This attitude, come to think about it, not to have children, not to have them or maybe not to want them, was also inherited by my father’s only sister, so the second Sassu who had no children.
She’s been quite a devastating aunt maybe, I would say definitely a disaster who took care of everyone, but who made quite a mess, but she had no children of her own, so maybe the major disaster was avoided.
I am therefore the third generation of Sassu women, although I also call myself as Bagiati, using my mother’s surname, from Umbria, who didn’t have any children.
Thinking back to what my friend told me at the time, which still buzzes in my mind, I always thought that I didn’t see myself as a mother, that maybe I would be a bad mother, with such an incredible mother as a role model, I really had an unusual mom, one of a kind.
But I’ve never seen myself as a mom, so I might have been a Lunàdiga all along, without being aware of this term, which I have learned recently.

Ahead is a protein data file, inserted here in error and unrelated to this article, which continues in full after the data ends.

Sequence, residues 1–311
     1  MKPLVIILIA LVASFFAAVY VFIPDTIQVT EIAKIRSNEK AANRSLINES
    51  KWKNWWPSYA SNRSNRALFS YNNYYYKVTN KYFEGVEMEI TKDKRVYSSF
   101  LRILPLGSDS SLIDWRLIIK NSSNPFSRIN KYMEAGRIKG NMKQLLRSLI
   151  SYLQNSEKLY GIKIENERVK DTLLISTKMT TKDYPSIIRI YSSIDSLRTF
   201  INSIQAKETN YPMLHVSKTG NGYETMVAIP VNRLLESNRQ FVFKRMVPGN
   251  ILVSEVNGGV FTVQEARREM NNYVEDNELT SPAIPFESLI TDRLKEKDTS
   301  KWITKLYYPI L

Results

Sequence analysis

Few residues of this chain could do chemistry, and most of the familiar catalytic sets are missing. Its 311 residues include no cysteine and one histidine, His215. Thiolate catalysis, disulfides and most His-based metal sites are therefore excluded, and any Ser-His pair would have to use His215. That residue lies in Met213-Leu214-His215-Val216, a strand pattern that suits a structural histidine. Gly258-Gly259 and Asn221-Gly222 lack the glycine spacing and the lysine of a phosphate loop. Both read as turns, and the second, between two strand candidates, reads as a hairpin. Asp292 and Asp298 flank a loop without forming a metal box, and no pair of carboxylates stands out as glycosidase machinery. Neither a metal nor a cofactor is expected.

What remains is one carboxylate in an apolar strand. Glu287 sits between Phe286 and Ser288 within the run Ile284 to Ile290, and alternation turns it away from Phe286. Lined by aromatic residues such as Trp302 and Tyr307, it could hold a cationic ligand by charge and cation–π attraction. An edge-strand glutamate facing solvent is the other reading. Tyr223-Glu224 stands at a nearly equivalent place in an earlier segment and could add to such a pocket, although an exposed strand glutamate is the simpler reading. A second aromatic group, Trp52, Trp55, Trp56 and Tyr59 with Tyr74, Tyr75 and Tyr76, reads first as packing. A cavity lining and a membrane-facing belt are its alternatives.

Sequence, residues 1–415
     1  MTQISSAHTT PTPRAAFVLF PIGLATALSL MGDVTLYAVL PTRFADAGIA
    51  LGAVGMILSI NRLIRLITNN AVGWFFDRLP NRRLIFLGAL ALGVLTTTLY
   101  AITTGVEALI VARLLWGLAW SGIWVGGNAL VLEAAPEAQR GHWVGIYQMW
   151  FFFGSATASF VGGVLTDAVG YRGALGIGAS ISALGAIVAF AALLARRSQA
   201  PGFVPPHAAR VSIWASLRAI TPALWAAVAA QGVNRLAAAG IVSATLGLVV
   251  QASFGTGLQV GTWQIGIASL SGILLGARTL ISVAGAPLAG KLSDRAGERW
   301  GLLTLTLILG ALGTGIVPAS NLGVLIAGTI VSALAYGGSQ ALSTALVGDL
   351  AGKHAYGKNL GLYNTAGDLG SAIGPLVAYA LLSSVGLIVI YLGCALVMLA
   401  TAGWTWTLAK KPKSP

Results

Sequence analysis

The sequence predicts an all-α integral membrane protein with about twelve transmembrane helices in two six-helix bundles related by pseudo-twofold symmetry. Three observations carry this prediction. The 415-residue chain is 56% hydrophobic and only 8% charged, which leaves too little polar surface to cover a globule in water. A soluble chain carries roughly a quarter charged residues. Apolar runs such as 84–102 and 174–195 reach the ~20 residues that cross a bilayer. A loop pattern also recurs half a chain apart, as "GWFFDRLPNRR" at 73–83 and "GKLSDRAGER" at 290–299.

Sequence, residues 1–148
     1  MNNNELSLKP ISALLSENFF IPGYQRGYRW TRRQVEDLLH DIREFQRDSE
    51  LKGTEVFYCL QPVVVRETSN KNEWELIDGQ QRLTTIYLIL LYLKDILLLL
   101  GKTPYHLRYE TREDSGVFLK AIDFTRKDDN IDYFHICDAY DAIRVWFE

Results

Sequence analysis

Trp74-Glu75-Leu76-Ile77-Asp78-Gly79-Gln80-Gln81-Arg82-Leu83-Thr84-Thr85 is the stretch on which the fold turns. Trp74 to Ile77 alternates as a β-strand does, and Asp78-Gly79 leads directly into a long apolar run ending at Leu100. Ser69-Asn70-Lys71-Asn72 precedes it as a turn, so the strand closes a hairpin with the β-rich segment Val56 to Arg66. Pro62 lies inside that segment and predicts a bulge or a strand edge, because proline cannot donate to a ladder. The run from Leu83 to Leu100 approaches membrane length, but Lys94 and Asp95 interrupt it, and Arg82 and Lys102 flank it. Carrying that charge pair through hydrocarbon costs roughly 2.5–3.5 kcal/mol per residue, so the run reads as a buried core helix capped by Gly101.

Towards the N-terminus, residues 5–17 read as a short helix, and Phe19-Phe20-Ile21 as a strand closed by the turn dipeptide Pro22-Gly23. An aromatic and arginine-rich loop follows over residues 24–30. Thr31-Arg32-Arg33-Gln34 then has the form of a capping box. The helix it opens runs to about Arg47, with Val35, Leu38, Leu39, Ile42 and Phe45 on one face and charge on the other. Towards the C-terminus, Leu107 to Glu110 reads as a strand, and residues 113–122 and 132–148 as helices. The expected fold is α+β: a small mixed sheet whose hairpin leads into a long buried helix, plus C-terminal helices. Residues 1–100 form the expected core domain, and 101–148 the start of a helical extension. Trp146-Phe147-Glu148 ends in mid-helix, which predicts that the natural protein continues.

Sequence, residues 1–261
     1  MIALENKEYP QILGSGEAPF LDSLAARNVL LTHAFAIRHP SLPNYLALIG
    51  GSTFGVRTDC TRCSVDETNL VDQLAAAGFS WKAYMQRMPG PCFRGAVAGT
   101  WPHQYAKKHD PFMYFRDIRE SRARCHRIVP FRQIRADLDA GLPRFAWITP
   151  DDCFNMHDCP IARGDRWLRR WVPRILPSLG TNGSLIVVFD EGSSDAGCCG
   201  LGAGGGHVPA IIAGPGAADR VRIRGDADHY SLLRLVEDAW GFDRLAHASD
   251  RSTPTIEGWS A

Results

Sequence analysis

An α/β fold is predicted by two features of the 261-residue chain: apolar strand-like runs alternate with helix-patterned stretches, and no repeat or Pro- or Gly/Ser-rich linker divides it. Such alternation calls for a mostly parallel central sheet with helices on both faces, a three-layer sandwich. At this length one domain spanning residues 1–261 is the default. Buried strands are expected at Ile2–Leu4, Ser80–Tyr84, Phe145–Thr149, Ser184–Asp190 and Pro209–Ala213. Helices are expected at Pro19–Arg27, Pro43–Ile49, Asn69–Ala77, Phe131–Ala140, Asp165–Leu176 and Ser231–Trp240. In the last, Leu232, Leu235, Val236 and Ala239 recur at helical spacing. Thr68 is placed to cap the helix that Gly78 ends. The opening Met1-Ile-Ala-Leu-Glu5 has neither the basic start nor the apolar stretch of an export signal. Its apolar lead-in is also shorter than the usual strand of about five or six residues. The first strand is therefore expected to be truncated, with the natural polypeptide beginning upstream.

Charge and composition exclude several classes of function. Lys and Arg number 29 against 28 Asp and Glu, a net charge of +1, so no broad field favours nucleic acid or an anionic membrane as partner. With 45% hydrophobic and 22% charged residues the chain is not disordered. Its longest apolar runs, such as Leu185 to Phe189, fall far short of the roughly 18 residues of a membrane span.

I must say that I find this term a bit unsettling, even though I love animals very much being animals often a subject of my works.
Ewes, which I respect a lot, make me feel uneasy, as I imagine that the Lunàdigas sheep will be expelled from the flock because they only fulfill… only by becoming food themselves, do they fulfill the role that nature gave them, and that man has built for them.
Surely, it’s one of the animals that strikes me the most, now that I think about it, because motherhood makes them slaves.
I don’t think motherhood can make you a slave, First, I think it’s a necessary function, because without this humanity would not exist.
Let’s say that it is a role, up to now, if science doesn’t intervene, it is a typically female role.
Genetically female, without going too much into gender issues, or any physical issues, reallly.
Often at work I deal with this kind of issues because being a teacher, and also for life choices in the art world you really meet and can be just about anything.
I think motherhood is clearly a fundamental role for humankind, but also the most disastrous, seeing what humankind has produced.
So I often deal with the role of motherhood, being currently a teacher in the Italian public school.
Often talking to parents, often talking to moms you discuss about this thing: “Do you have children?” “What about your children? hence the fact of being not a mother eventually always comes up.